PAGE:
Tag Archives: Writing

Soapy Exit

 

When I poured shampoo into the kitchen sink, the squid blew bubbles. By the time the foam cleared, he was gone. I never saw him again.

squid

I am trying to do two challenges with this post. The first is Grammar Ghoul Press’ Shapefitting challenge where we are challenged to write a story in 26 words including the words “kitchen”,”squid” and “shampoo.”

The next is Linda G Hill’s One liner Wednesday. I hope neither of the challenge hosts objects to my trying to kill two birds with one stone (or two squids with one wash).

#1linerWeds badge by nearlywes.com

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Just when I thought I was off the hook!

I have been taking it easy lately. I haven’t blogged for ages, I haven’t written anything for the writers circle and my book is sitting at chapter four where it has been since June.

Those of you who follow my blog will know that I felt called to write after a Christian writers’ retreat. A couple of months ago I contacted Valerie who is involved in  a project called “Books in Homes Africa” Their mission is to produce affordable books so every home can buy them thus bringing literacy to South Africa.  Val was excited about some of my children’s books, including “The Saddest Little Sugar Bowl in the World.” The upshot is I have donated my children’s stories to the project.

I thought that was it. I thought that was what the call was about. I enjoyed the freedom of not having to look after my blog, not having to try to find time in my busy day to write. I deleted without reading all the e mails from writers’ blogs I had subscribed to.

I might need to rethink! An interesting set of co-incidences happened this last weekend.

  • First I got an e mail advising me that there was a pingback on one of my blog posts. When I went to check it out, I saw it was the one about the writers retreat and how I had felt called to write, “Waking the Dragon”
  • Then I also got an e mail from Val after months. I hadn’t worried or followed up at all because I had released my books to the wider world and what happened to them was none of my concern. However her e mail encouraged me and I thought maybe I could write more stories for beginner readers.
  • We were on a motorhome rally at a lovely resort in Vereniging over the weekend and I had brought my Kindle to do some reading. My cheaper version shows adverts for books from Amazon as the sleep screen and as I took up my Kindle on Saturday to continue reading “The Girl on the Train”, this is what I sawSo now I am going to have to get more disciplined again and go back to my novel. I’ll have to read the first three chapters again just o see what’s happening. I am just going to have to believe that whom God calls, he equips (Hebrews 13:21) because I certainly don’t have the  perseverance to do it on my own. I can’t even stick to a diet for a week!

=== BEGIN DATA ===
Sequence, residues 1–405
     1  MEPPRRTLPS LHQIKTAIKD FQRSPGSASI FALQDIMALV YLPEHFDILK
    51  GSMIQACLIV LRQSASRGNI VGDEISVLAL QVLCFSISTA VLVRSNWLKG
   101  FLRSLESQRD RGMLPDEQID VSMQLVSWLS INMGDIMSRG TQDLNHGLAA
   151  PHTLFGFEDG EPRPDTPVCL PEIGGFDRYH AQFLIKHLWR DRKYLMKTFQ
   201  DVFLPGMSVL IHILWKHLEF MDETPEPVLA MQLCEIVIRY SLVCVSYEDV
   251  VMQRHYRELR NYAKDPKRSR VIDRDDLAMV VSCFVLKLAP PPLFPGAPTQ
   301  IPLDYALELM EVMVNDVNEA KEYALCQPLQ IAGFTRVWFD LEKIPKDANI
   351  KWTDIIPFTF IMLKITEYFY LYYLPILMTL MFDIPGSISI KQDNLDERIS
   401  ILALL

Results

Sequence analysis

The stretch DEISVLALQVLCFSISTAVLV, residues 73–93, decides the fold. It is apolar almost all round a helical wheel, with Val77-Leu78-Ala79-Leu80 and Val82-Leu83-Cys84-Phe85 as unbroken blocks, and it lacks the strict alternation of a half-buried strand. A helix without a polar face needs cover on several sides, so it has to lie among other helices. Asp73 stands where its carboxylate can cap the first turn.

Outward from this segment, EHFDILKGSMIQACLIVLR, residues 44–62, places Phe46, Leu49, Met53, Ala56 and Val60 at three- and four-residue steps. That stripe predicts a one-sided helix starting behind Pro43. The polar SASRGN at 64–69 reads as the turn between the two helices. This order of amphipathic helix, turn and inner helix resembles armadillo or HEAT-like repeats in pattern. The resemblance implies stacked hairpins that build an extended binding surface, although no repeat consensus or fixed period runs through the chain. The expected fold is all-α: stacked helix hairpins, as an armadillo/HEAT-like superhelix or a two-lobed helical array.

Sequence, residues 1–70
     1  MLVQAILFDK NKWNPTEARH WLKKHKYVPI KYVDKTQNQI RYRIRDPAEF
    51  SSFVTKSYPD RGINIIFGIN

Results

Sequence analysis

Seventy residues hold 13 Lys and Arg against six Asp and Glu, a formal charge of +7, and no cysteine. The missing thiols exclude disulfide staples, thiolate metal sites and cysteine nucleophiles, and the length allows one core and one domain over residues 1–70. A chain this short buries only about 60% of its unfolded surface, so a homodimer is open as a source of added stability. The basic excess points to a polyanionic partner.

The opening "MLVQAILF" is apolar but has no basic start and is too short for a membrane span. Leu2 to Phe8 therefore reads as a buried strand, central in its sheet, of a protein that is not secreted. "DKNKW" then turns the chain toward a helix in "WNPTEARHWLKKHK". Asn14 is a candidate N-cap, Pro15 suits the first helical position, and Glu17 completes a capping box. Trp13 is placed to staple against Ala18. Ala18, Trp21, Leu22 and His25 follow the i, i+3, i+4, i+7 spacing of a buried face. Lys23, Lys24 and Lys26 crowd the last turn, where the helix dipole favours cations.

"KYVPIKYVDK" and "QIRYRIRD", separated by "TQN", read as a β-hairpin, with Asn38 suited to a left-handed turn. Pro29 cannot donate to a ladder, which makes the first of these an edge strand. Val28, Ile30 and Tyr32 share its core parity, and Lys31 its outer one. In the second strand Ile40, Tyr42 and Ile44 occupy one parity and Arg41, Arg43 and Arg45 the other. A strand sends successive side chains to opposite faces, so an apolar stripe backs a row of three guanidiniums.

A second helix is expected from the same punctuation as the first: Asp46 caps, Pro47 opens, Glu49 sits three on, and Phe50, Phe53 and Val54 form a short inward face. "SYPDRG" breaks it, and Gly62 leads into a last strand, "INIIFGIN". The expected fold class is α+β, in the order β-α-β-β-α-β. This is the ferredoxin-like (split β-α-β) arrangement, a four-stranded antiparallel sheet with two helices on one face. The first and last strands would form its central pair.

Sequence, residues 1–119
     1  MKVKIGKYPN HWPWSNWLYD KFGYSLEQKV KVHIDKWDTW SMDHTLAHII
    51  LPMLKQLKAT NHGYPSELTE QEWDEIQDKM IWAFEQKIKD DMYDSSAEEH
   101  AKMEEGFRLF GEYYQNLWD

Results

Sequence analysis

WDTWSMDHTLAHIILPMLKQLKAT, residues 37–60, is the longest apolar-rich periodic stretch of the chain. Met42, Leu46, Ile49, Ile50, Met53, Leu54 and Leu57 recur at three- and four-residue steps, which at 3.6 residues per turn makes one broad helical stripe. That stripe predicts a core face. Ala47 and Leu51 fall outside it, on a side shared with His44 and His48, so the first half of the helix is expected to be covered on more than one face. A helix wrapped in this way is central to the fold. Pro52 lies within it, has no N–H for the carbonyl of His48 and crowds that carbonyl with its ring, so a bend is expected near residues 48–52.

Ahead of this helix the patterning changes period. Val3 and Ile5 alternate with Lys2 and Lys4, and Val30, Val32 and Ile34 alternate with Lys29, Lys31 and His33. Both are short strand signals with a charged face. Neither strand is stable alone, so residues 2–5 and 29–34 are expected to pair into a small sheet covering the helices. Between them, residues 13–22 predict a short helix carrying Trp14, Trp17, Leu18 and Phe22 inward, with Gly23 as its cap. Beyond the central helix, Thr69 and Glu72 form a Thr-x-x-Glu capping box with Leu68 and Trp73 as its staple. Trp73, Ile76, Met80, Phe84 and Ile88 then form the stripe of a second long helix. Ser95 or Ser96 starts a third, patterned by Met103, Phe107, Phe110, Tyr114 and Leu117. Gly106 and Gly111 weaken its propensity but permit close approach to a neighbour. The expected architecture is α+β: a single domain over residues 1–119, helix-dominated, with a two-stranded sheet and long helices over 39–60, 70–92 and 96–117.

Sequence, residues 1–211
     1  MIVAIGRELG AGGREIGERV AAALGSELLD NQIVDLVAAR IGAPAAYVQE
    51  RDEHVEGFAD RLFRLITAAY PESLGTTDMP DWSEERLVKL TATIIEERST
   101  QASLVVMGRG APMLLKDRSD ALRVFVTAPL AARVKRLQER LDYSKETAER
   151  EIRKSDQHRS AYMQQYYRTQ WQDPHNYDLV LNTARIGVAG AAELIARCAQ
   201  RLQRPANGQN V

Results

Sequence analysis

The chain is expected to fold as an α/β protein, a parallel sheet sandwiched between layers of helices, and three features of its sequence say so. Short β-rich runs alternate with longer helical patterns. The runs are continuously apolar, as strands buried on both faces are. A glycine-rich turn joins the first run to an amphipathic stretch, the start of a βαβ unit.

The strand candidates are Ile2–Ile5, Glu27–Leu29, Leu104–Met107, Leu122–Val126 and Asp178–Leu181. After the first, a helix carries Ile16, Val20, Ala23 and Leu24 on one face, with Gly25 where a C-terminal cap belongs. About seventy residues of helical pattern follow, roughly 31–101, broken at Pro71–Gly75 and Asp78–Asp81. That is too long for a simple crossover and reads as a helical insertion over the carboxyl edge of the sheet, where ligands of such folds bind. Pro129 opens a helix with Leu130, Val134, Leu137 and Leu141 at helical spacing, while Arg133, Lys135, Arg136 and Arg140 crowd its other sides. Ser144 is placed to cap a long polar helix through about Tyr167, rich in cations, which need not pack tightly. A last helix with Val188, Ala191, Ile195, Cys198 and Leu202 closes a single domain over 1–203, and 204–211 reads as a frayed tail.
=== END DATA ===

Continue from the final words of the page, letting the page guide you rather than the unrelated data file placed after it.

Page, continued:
Book Worm

SoCS badge 2015

This post is part of Streams of Consciousness Saturday. This week it must highlight the word  “book”. Even though it is late on Sunday night, I can’t resist posting for this because, you see, I am writing a book. That is to say, I have started a book. I have finished two chapters this year. This is where the worm comes in. Worms progress slowly. Earthworms progress in curves and spirals and that is how I feel my progress is going.

I was encouraged to start a novel when my short story, “They call me Nothing“, won first place in the SA Writers Circle monthly competition. This is no great honour because only about 20 people participate. Nevertheless the judge commented that some of the stories would make good novels so I thought I’d give it a try.

It has not been easy fitting writing into my schedule but if I can consider a chapter as only a short story which I have been trying to do once a month, it is attainable if I just keep going. So you won’t see my book on the bookshelves soon, if ever. Chapter Three is almost finished and school holidays are coming up so I hope I’ll have time to finish chapter three and maybe chapter four by the middle of July.

If we were having coffee right now

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This is part of the Everyday inspiration course.

 

If we were having coffee right now, I’d tell you about my weekend. I’d explain how I’m running a Company of Girl Guides. We only have seven and they are all new Guides. They joined at the beginning of the year. I’d explain about the camp and how, because it’s almost winter and the expected minimum temperature was 3 degrees, I had organised to pitch a tent in the Brownie hall and spend the night indoors.You’d shiver and agree that it was a wise decision and that personally, nothing would persuade you to abandon your comfy warm bed to sleep on the floor. I’d laugh and tell you about my assistant Guider, who was fantastic by day but at night snored like a saw mill and how I’d hardly had any sleep and after each camp I run I always vow that that would be my last. And it never is.

You’d ask what we do on camp and I’d bring out my photos to show you. See them here

If we were having coffee right now, I’d tell you about the dog. How, during campfire, every time a parent came and we had to open the electronic gate, a black Scottie dog came in and how my assistant Guider kept taking him out again. She was getting quite irritated at having to jump up each time a car arrived at our gate. With all the opening and closing, the gate, which was rather rickety to start with, decided to come off the rail at the bottom, making it impossible to close. We couldn’t do anything about it then but at the end of campfire I grabbed a father who had come to collect his daughter and he was able to lift the gate and put it back on the rails. We saw the parents off, took the dog out again and closed the gate for the night.